by BETH ALTENA
When Plainfield Township Parks and Recreation Director John Short began work here 18 years ago, he was given the challenge of developing for recreation 300 acres of property off Ten Mile Road for public use. “We looked at the budget and there was just no way,” he said.
Today, passersby can see the physical transformation of that same property—proof that a way has been found. According to Short, it is the result of luck, good timing, and incredible cooperation between different governmental units, the private sector and individual citizens.
Today drivers can see evidence of the nine million dollar project and excavating job as hilly property is transformed into level plateaus suitable for ball fields, soccer fields, bathrooms and parking. Soon the vista off Ten Mile will expand as excavators knock down a hill and fill a valley with 35,000 cubic yards of earth.
When all phases of the multiple recreation projects concurrently being developed on the acreage are done, the community will have gained a world-class Olympic-style archery facility, a seven and a half-mile scenic mountain biking trail, a Miracle Field handicap-accessible ball field with endless uses, an eleven-field baseball-softball complex (as future phases are completed), two regulation college-quality soccer fields, a BMX motocross track and a sledding hill with a warming shelter. Plus bathrooms and parking, and—if funding comes through—a handicap-accessible playground.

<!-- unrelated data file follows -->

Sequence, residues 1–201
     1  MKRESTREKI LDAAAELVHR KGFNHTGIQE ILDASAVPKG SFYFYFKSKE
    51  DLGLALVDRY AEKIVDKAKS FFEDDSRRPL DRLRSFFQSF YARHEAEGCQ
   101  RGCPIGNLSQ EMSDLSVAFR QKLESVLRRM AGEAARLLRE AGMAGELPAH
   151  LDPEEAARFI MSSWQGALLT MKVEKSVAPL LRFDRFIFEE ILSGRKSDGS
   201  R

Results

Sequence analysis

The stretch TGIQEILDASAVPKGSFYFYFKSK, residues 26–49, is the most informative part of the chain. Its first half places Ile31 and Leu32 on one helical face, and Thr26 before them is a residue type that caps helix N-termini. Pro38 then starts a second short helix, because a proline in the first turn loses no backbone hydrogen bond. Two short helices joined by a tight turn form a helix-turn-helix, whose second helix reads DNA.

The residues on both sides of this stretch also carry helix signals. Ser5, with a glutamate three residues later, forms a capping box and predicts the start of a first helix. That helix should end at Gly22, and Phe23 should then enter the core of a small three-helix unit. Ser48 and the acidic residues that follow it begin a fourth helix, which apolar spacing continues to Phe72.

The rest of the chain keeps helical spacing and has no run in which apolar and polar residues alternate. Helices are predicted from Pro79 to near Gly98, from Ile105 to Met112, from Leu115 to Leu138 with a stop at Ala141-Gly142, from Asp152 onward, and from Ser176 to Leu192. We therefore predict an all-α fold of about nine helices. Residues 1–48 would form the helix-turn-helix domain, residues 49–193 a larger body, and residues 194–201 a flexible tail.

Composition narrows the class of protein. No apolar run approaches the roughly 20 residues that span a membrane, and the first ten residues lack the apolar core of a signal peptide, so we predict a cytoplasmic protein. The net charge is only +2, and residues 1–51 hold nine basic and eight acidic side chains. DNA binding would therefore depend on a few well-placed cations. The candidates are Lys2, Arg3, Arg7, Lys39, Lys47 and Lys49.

How did vacant land in an economy that has all levels of government striving to tighten budgets become such a vast project, which Short said all together will be about $12 to $15 million dollars in cost? Short sums it up as cooperation.
At one time the property was proposed as a golf course with residential and light industrial use, not quite the public recreational ideal that was intended for the 300 acre parcel. When the golf course/industrial/housing plan fell through, action on the land itself went dormant, although changes occurred around it.
Within the last ten years the Ten Mile Meijer store went in, and as part of the approval process, agreed to substantially fund upgrades to the infrastructure to the area, putting in sewer and water access. The road itself was widened and leveled out, using as fill the dirt excavated from property that will eventually be the archery complex. Both improvements were made before the current proposed projects were conceived, but both are vital to the development. Without sewer and water these projects would be less feasible if not possible at all, and ditto if the road couldn’t accommodate the traffic.
Short said that Kent County and Plainfield Township shared ownership of the acreage, and did some swapping of property to make these projects possible. The township gave up the future ballpark property, land just east of the landfill, 90 some acres. The County traded with them for the parcel to the south, including where the archery complex will be built, just south of the intersection of Ten Mile and Wolven.
Algoma Township had received a $500,000 grant to build the archery complex within Algoma Township’s borders. However, after learning their grant proposal was accepted, the original party on whose property it was slated to occupy backed out. Algoma was left with a grant but now had no place to build. The land swap put Plainfield Township in a position to lease the future archery complex land to Algoma Township, giving Algoma a place to build the complex rather than forfeiting the grant.